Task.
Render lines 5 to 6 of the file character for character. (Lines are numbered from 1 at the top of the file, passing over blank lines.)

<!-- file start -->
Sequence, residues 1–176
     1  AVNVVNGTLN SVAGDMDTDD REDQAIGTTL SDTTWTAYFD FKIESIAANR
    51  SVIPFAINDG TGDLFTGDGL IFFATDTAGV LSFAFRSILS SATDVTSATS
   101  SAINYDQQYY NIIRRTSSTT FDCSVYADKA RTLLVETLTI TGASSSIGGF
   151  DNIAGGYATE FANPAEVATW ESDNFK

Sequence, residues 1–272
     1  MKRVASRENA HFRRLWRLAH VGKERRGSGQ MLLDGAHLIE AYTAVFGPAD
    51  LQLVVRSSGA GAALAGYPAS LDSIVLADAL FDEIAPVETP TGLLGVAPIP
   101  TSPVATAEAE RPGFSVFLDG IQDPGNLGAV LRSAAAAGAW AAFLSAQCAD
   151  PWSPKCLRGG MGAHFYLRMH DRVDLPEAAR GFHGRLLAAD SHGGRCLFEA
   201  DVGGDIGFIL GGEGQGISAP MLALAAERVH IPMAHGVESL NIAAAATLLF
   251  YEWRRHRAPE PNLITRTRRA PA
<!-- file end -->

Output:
   151  DNIAGGYATE FANPAEVATW ESDNFK

Sequence, residues 1–272